Ahmed Nabil working on his piece at the 24th Aswan International Sculpture Symposium (Photo: Mousa Mahmoud)
Ahmed Nabil, a young artist in the symposium’s workshop, approaches the relationship of man and building in a different way.
Inspired by his monochrome photographs of Alexandria’s 1980s and 1990s architecture, Nabil captures the essence of the buildings’ geometric elements, and then reinterprets them as a figure, to make multifaceted cubist pieces.
His piece, “Tale of Contemporary Man”, is a vertical structure with two small cubes serving as windows, and one curved edge that could reference the figure incorporated within.
For granite, the design is simplified to just one block, despite his work with metal usually having more details.
“Granite is hard to work with, but the joy comes when the work is completed,” says the artist.
Other workshop artists negotiate the relationship between organic and abstract
Ola El-Toukhy, for example, combines organic and geometric, while balancing a process of simplification and complexity.
She presents a piece inspired by the natural biological forms of pollen grains, resembling bubbles layered up vertically.
This composition is then made more complex by the addition of two horizontal rectangles. The effect is a striking contrast that draws the viewer in.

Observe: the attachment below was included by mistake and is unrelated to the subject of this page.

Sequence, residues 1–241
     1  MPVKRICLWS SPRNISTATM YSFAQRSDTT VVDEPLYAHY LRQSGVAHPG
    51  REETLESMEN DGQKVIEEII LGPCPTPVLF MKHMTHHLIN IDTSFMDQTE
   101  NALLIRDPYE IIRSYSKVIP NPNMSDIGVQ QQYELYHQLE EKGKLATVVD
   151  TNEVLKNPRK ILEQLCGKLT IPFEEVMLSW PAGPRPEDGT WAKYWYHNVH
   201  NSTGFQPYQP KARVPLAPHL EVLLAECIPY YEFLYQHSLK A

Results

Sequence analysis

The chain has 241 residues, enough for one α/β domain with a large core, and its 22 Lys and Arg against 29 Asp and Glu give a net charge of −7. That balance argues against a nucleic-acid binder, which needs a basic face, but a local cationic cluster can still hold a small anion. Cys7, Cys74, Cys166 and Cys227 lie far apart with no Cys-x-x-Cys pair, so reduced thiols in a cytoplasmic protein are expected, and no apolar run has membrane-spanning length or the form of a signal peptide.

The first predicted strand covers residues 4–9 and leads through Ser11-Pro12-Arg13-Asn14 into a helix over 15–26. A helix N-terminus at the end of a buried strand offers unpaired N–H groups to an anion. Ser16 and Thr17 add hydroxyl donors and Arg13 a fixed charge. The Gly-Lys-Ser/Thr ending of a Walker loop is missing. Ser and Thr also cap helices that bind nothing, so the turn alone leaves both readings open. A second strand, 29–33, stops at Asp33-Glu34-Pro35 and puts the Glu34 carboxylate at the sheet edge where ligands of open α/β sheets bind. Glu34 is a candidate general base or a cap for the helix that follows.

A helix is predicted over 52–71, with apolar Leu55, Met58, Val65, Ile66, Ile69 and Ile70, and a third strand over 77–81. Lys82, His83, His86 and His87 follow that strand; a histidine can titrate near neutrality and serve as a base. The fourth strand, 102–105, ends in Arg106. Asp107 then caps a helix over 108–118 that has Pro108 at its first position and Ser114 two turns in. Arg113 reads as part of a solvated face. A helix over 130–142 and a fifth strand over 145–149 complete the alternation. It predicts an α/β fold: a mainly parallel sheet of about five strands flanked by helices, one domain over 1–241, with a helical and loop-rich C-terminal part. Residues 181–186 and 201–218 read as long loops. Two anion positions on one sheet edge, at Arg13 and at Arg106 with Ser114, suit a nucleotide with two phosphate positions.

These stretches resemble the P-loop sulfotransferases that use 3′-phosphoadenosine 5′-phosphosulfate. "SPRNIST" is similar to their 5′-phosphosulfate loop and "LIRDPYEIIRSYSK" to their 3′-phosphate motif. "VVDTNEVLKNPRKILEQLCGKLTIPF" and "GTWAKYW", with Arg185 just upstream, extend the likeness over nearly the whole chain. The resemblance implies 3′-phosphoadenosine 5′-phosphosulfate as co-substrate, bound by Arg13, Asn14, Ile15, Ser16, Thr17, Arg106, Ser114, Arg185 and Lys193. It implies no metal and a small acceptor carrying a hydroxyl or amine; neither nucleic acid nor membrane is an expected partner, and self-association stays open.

While in previous years many of the symposium’s artists were influenced by ancient Egyptian sculpture, this year that influence is much less apparent.
However, artist Sally El-Sayed has come close with her piece depicting a scorpion, which the ancient Egyptians associated with Serket, a goddess of protection.
In ancient Rome, the scorpion symbol on armour was meant to strike fear into the hearts of enemies.
El-Sayed was also interested in the physical shape of the scorpion, which she finds unique. Her abstract sculpture sits low on the floor, the natural habitat of a scorpion. The emphasis is on the raised tail, the pinnacle of the scorpion’s power, as its high tip catches the eye.
While this year’s symposium has offered some good works, there were some well-worn ideas and forms, particularly among the younger workshop artists.
To be fair, many of them were still exploring the material and chose to play it safe with simple forms. Perhaps if they return to the symposium to work on a larger stone we see bolder, more interesting works from them.